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THE MAMMOTH BOOK OF BEST BRITISH CRIME (8)
by Maxim Jakubowski, ed.
Robinson, April 2011
554 pages
7.99 GBP
ISBN: 1849015678


Buy in the UK | Buy in Canada

Of the many reasons to love short stories, the one that packs the best punch is surprise. A novel might serve up two, or at best three, genuine gobsmacking surprises over four hundred pages. A good short story will deliver at least one, sometimes two. Over a collection like this, that's a minimum of forty surprises. And not confined to plot twists or revelations.

Crime is a broad and sneaky genre, with unexpected tricks up its sleeve, letting cosiness cohabit with serial deviance. This collection does well by the genre, serving up historical detection from Edward Marston (The Madwoman of Usk) alongside hardboiled biker-chic from Zo Sharp (Off Duty).

Lin Anderson's Dead Close has a supernatural vibe, while Christopher Brookmyre's Out of the Flesh is funnier than any story written phonetically ought to be. There's even a nifty piece of fan fiction, in the form of a Sherlock Holmes story, Art in the Blood, by Matthew J. Elliott.

Stories by Ian Rankin bookend the collection, which opens with a tale from Rebus' retirement and closes with a very clever and thought-provoking story called Driven.

Of the newcomers, Nigel Bird's An Arm and a Leg stood out for its characterisation, although cat lovers may feel differently.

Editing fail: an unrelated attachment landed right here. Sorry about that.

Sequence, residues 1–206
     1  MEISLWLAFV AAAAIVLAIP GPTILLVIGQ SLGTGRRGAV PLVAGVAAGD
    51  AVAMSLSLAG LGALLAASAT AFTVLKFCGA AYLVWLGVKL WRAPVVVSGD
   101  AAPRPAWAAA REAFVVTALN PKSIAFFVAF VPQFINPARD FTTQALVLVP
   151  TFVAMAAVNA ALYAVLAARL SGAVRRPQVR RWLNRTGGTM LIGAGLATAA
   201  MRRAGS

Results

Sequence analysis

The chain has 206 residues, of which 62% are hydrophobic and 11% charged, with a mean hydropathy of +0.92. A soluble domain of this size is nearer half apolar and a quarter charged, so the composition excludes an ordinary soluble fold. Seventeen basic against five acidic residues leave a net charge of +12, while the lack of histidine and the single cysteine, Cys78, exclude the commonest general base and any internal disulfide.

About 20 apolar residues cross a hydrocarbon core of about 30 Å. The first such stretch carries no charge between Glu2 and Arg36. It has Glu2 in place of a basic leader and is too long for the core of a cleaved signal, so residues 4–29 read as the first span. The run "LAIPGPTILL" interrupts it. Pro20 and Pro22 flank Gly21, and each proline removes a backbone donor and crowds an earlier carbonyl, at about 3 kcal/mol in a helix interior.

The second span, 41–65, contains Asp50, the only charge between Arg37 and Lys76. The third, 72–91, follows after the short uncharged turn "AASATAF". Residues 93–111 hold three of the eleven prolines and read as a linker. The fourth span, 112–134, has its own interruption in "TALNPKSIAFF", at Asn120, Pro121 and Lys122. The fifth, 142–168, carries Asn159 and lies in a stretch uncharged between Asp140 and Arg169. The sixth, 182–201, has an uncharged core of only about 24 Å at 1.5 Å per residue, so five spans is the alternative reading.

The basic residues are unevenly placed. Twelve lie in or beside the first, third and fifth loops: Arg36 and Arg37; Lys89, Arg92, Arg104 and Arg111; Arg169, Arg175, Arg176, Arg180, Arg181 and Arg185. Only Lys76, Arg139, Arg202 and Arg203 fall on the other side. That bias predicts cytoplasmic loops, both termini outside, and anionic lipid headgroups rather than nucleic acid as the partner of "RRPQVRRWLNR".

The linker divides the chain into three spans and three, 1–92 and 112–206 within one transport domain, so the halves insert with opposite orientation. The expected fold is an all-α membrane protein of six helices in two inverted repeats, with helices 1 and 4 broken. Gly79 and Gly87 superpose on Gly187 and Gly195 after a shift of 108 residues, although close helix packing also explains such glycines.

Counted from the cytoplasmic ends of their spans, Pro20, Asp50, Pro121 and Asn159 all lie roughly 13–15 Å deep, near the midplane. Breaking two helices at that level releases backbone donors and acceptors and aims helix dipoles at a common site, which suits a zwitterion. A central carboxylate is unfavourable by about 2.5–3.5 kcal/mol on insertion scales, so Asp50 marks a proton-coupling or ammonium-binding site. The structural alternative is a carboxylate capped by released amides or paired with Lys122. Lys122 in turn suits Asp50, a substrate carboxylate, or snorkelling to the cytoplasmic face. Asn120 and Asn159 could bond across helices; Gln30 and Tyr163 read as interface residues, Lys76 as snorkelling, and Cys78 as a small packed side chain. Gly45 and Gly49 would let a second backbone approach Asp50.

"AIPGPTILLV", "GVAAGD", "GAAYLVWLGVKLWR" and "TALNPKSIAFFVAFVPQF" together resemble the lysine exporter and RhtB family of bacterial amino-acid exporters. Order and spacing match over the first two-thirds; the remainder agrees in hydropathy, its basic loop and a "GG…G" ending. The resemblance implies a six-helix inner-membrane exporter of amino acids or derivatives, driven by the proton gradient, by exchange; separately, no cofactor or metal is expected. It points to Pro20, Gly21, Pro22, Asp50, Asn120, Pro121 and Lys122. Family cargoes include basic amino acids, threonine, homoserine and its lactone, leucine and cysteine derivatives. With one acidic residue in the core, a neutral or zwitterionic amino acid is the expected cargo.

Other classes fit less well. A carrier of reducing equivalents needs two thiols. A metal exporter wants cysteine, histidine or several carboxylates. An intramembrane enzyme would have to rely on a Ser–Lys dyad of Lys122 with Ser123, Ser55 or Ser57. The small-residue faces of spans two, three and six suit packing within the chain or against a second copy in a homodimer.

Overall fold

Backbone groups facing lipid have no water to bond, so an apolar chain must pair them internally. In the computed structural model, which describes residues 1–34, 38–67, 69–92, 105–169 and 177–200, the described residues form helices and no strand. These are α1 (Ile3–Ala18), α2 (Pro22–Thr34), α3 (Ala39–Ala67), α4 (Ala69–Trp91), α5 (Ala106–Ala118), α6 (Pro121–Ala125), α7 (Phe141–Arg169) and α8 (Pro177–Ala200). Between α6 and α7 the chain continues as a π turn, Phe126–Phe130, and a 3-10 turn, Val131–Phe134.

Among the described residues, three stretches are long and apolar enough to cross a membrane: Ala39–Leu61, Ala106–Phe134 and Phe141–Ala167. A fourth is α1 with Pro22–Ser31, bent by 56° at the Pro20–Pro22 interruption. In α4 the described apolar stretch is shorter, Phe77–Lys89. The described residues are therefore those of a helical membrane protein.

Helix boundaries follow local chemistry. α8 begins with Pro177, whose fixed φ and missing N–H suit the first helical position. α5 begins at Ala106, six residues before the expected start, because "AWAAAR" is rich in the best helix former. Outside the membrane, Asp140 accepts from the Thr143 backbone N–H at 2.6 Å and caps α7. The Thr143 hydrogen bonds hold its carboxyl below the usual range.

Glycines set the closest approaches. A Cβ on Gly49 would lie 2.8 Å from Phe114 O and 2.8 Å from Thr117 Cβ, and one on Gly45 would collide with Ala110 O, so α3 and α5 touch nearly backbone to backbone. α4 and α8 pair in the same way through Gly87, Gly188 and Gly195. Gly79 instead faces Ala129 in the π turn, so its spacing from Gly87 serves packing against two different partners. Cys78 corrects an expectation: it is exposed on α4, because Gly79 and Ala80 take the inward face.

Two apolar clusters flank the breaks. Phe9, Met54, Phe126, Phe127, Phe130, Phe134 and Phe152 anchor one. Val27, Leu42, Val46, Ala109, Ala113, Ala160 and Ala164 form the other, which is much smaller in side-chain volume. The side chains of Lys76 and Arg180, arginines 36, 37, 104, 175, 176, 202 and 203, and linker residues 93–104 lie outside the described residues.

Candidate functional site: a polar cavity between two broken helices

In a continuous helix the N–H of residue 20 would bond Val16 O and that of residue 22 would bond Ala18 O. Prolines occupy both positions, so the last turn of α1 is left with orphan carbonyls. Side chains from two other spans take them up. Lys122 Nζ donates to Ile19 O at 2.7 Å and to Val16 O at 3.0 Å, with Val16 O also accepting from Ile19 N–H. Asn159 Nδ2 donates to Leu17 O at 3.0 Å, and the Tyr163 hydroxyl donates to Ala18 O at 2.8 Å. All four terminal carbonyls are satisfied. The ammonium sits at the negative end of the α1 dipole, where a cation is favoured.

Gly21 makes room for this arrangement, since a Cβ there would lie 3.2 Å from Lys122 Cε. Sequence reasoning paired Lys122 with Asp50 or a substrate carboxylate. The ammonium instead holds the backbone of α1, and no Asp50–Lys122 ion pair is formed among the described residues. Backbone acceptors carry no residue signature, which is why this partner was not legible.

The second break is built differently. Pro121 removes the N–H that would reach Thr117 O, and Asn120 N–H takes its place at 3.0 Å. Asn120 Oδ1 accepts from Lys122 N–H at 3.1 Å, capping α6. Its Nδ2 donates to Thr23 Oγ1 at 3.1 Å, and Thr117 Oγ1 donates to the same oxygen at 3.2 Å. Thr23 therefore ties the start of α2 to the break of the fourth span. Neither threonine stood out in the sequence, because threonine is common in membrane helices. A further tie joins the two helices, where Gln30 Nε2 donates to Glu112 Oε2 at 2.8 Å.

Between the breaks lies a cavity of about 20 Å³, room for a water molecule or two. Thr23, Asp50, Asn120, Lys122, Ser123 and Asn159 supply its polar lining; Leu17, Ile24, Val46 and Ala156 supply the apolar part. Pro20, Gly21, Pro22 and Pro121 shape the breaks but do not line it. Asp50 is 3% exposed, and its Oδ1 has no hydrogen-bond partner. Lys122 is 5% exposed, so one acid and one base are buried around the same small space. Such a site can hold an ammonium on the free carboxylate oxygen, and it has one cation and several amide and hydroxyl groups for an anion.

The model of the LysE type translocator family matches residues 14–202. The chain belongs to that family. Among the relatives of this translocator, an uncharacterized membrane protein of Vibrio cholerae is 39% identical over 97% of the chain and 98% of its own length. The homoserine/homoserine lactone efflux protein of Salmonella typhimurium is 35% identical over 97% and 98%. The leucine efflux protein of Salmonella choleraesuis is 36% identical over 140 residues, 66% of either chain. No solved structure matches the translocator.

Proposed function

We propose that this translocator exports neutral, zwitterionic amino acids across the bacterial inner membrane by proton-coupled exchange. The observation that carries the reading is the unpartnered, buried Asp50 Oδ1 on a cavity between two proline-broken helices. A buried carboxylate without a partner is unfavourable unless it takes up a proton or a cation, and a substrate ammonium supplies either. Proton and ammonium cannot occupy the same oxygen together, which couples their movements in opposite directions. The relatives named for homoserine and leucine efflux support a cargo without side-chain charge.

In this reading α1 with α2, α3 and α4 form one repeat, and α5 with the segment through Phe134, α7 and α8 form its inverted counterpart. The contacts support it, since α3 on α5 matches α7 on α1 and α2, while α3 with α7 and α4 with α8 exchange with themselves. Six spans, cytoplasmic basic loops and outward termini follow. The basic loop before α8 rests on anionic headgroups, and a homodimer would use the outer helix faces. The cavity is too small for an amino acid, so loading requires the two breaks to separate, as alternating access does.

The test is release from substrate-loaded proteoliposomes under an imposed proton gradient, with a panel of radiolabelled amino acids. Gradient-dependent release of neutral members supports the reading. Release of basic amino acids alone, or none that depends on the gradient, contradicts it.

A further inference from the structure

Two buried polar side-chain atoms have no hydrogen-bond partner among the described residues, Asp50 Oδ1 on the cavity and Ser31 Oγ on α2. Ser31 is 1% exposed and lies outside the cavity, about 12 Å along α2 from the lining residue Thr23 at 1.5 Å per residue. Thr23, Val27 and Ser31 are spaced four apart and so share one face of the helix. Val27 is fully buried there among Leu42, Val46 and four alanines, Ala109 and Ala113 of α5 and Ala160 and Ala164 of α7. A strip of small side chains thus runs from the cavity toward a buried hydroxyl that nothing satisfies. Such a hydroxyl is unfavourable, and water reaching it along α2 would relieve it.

What's most surprising about THE MAMMOTH BOOK OF BEST BRITISH CRIME is the proximity of gentle masterpieces such as Andrew Taylor's The Woman Who Loved Elizabeth David to a coldblooded shocker like Robert Hayer's Dead by Simon Kernick or Roz Southey's Another Life.

Most unexpected of all is the gem buried at the heart of the collection, As God Made Us by A.L. Kennedy. Not known as a crime writer, Kennedy's story is a fierce and honest piece of writing, told through the eyes of a disabled serviceman. It's hard to beat this story for impact, although it doesn't fit any of the conventional 'wisdom' about what constitutes a crime story. It's simply an outstanding story in its own right.

It's not necessary to read a short story collection chronologically, and nor is it always advisable. As God Made Us comes after the most bonkers story in the book, Allan Guthrie's The Turnip Field. To critique any part of this story would be disastrous since its shock value is its chief delight. Let's just say Lester, Petey, brother Anne, their mum and the girl under the stairs all await your earliest convenience.

Sarah Hilary is an award-winning short story author, currently working on a debut crime novel.

Reviewed by Sarah Hilary, August 2011

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Contact: Yvonne Klein (ymk@reviewingtheevidence.com)


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